using the temporary RAN identifier in those packets corresponding to the connection to direct those packets to the first node.
5. The method in claim 4, wherein the mobile terminal moving from the first coverage area to the second coverage area reestablishes the connection using the temporary RAN identifier.
6. The method in claim 5, wherein the temporary RAN identifier includes a node identifier corresponding to the node through which the connection was initially established and a mobile terminal identifier.
7. The method in claim 6, wherein the node identifier corresponding to the node through which the connection was initially established and the mobile terminal identifier are employed when making initial contact in a new geographical coverage area.
8. The method in claim 7, wherein only the mobile terminal identifier is employed after making initial contact in the new geographical coverage area.
9. The method in claim 4, wherein the temporary RAN identifier includes a node identifier corresponding to the node through which the connection was initially established and a mobile terminal identifier, the method further comprising:
routing packets associated with the connection between the first and second nodes using a shortened temporary RAN identifier that lacks the node identifier.
10. The method in claim 4, wherein the first node is an initial RAN node that controls the connection from the perspective of the core network and the second node is another RAN node that currently serves the mobile terminal.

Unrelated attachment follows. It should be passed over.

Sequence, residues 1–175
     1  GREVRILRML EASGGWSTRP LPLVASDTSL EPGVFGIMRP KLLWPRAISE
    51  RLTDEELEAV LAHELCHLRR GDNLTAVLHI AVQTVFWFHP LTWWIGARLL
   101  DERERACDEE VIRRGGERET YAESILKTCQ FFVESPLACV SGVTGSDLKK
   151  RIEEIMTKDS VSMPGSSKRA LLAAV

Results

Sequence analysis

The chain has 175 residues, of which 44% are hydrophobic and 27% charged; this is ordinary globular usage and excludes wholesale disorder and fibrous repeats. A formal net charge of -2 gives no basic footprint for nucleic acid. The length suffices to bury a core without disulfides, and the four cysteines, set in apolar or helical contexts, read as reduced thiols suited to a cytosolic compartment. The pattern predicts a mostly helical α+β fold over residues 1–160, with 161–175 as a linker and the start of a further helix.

11. The method in claim 1, further comprising:
discontinuing use of the temporary RAN identifier when the established connection is terminated.
12. The method in claim 1, wherein the established connection is a packet-based connection, the method further comprising:
discontinuing use of the temporary RAN identifier when the established connection is allocated a dedicated radio channel.
13. In a radio communications system including a core network coupled to a radio access network (RAN) and a plurality of mobile terminals where a connection between the core network and one of a plurality of mobile terminals located in a first geographical area may be established through the radio access network, a method comprising:
associating a first RAN identifier with the one mobile terminal for the connection to be established;
using the first RAN identifier to assist in handling the connection in the radio access network when the one mobile terminal initially communicates with the radio access network from a second geographical area; and
using a second RAN identifier to assist in handling the connection in the radio access network after the initial communication by the one mobile terminal from the second geographical area.
14. The method in claim 13, wherein the first and second RAN identifiers are temporary.
15. The method in claim 13, wherein the first RAN identifier is longer than the second RAN identifier.
16. The method in claim 13, wherein the first RAN identifier includes a node identifier corresponding to a RAN node through which the connection was initially established and a mobile terminal identifier.
17. The method in claim 16, wherein the second RAN identifier includes the mobile terminal identifier but not the node identifier.
18. The method in claim 13, wherein the radio access network includes plural RAN nodes and one of the RAN nodes determines a RAN node address using one of the first and second RAN identifiers.